Grandma John, ‘beloved pioneer woman’
It had been a long time since Mary Godfrey had seen her husband, but soon they would be together again.
Nearly two months earlier, all alone, she had left New York by ship, crossed the Isthmus of Panama on foot, mule and boat, and arrived in San Francisco in late 1859. She boarded a steamer for the two-day voyage up the California Coast to Crescent City, where Thomas would be waiting.
Thomas was an Irish immigrant who had made his way to Ohio. There he met and married Mary Morford in November 1855. When he left Ohio and how long he had been in the Southern Oregon gold fields isn’t known.
Reunited, the couple joined a pack train that was carrying mail and supplies over the mountains to Oregon miners. Because no extra horses were available, Thomas gave his to Mary and walked alongside through the melting snow.
Mary’s new home was a mining camp in today’s Josephine County, located in the foothills between Kerbyville and the yet to be discovered Oregon Caves. The population was primarily men, half of them Chinese. Only occasionally could Mary find another woman to talk to.
In December 1860, Mary and Thomas crossed eastward over the mountains and settled near Williamsburg in the Applegate Valley. They carried their 2-month-old baby girl with them in a basket.
Almost exactly a year later, Dec. 16, 1861, Thomas was crossing the Applegate River in a wagon at one of the worst times in Southern Oregon history.
Torrential rains had fallen for days. Newspapers described the flooded landscape as a huge lake with only a few islands of land poking up. Nearly every bridge in the area had washed away, including the one across the Applegate.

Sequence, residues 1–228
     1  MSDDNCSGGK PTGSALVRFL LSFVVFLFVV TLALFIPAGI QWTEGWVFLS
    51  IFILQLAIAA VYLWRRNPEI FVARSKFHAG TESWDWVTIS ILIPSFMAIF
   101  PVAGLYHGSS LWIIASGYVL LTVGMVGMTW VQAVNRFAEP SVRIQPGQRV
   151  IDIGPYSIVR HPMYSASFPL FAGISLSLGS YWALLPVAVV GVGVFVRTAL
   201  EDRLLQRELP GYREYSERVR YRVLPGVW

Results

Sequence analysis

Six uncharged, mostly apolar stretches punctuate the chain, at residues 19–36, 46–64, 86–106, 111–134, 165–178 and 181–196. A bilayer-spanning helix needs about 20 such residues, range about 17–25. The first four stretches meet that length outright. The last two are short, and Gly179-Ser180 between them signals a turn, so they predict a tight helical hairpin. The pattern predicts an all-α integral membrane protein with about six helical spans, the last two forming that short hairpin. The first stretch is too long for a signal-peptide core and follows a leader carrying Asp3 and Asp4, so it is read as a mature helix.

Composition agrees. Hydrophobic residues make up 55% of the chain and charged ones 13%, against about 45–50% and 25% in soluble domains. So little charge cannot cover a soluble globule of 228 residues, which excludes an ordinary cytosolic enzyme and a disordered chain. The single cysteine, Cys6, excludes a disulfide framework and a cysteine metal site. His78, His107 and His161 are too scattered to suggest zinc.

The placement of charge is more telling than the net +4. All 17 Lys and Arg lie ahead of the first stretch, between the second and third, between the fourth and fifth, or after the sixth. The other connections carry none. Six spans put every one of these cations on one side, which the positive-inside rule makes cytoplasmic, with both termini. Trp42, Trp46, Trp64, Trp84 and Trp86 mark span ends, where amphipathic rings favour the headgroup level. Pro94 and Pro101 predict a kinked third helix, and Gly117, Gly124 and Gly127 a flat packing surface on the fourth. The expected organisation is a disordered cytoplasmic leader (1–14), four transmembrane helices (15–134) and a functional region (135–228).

Thomas cautiously drove his team into the swiftly running water, lost control, and was washed away. The 30-year-old’s body was never found.
Life was hard for Mary and daughter, Eudora, but with the help of neighbors they managed to survive.
In July 1864, Mary married David John, a Williamsburg blacksmith. Born in Wales, David immigrated to America in 1859 and arrived in Southern Oregon in 1863. He settled near Williamsburg when gold mining was still flourishing. The couple would have four children.
David became postmaster for the Williamsburg area in 1880, operating the post office and a store on his homestead for 22 years. It had also been the stage station in those early days, before the miners moved on to other diggings.
By the early 1900s, David began to have a worsening heart condition and soon was suffering stomach trouble. In April 1907 he died at age 72.
Celebrated as “The First Lady of Williamsburg,” Mary was soon known as “Mother John” and, as she got older, “Grandma John.” Known by so many in Southern Oregon, she was never at a loss for company. She remained on the ranch, watching her children marry and sharing stories with friends and her many visitors.
When she was 88, she made her first trip to Crater Lake, and when she returned, she joyfully told anyone who came to visit that she had outwalked her daughters, and even her granddaughters.
She had hoped to live until she was 100; however, on Dec. 26, 1930, at age 93, her heart gave out and she died in the home where she had lived for 45 years.
Two days later, funeral services were held “for the grand old lady who watched the village grow and decay from the 1860s to the 1930s. Beloved pioneer woman.”
Writer Bill Miller is the author of five books, including History Snoopin’, a collection of his previous history columns and stories. Reach him at firstname.lastname@example.org.